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Family Themed Activities

by Rosenya Faith

Between work, extracurricular activities and social commitments, it's important to find ways to squeeze in some time to celebrate your family. Give your family the opportunity to catch up on what's going on in each others' lives, share in some family fun and crafting, and make plenty of memories together to look back on later.

Family Puppet Show

Arrange an evening of theatrical performances for your family. Before the show begins, spend the afternoon together making crafts for the evening's events. Have the entire family make a puppet-version of themselves during the day and an upcycled puppet theater. You can make the puppets from brown paper bags, socks that have lost their mates or wooden craft sticks, and construction paper. To make the puppet theater, start with two large cardboard boxes. Use one box for the stand and cover it with a tablecloth or wrapping paper. Make the second box into a stage by cutting off the top and bottom. Place the box on its side on top of the first, cover the sides with wrapping paper and glue on a stage curtain, made from T-shirt fabric, rags or old linens. As the evening begins, give everyone an opportunity to perform their favorite family moments with their puppets.

Family Quilt

Create a beautiful, family-themed adornment for your home together. You can make a quilt to drape over the back of the sofa by having each member decorate squares for the quilt with fabric paint. When the painting is complete, let the squares dry and then stitch them all together and sew on a plain fabric backing. You can make a photo quilt instead if you prefer. Have photos of the family printed onto squares of fabric and then sew the squares together. If you have boxes of baby clothing stored in your basement, create a family-themed quilt with pieces of baby clothing you've saved from each child. Cut out squares from the clothing and stitch the pieces together or cut random shapes and make an eclectic-looking quilt instead.

Family-Themed Outings

You can spend a day bonding as a family while participating in an activity that every member enjoys. The purpose of the day's activities is to recognize the interests you share together. If you have a group of nature enthusiasts, go for a hike through a local conservation area and stop for a picnic lunch, or plan a trip to the park for an afternoon of swinging, climbing and imaginative adventures. Take your daredevil family out for an afternoon of adventure zip-lining above forests, rock climbing, spelunking or parasailing. You can visit the zoo with your animal enthusiasts, volunteer at an animal shelter, swim with dolphins or even arrange to become zookeepers for a day. Bring along a camera to capture your family-themed escapades.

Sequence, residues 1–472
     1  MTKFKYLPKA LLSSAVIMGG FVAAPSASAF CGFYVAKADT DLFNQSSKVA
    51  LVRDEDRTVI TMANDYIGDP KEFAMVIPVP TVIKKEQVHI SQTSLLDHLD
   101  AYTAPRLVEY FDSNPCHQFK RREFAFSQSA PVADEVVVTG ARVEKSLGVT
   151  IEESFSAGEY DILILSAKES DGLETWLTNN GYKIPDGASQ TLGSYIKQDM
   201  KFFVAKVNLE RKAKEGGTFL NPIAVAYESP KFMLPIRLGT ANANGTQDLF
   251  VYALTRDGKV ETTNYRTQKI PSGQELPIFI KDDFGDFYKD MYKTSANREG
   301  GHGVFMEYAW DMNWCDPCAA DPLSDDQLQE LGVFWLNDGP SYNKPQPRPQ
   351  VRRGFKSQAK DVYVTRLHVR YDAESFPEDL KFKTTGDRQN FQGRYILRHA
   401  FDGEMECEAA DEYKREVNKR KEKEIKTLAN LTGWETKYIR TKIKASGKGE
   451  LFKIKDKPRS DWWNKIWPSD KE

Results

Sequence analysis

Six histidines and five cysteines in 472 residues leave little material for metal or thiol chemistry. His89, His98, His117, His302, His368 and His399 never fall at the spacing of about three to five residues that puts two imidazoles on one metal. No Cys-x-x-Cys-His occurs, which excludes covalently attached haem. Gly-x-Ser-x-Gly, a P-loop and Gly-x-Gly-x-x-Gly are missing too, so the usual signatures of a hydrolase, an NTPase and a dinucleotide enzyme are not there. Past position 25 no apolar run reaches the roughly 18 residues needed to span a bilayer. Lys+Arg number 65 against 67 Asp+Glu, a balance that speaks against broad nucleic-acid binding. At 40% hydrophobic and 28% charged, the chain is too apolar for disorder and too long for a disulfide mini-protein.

Family Collage

Celebrate your special moments together with a giant family collage. Pull out all your family photo albums and find pictures from vacations and occasions, as well as pictures from ordinary days -- make sure everyone gets a chance to pick out a few of their favorites. Place a large family photo in the center a large sheet of poster board and arrange the rest of the pictures on the collage. Again, let everyone help choose the perfect spot for some of the photos. Once everyone is satisfied with the photo masterpiece, glue each of the pictures in place. You can hang the collage on the wall or mount it on plywood first and add a wooden trim. If you don't have time to rummage through a storage room full of photo albums, you can make the activity a little simpler. Just find one picture of each member of your family, draw or paint a large poster board tree and arrange the family on the branches.

References

  • Prime Time Together With Kids: Creative Ideas, Activities, Games, and Projects; Donna Erickson, et al.
  • Making Ordinary Days Extraordinary: Great Ideas for Building Family Fun and Togetherness; Gloria Gaither, et al.

About the Author

Rosenya Faith has been working with children since the age of 16 as a swimming instructor and dance instructor. For more than 14 years she has worked as a recreation and skill development leader, an early childhood educator and a teaching assistant, working in elementary schools and with special needs children between 4 and 11 years of age.

Photo Credits

  • Jupiterimages/Comstock/Getty Images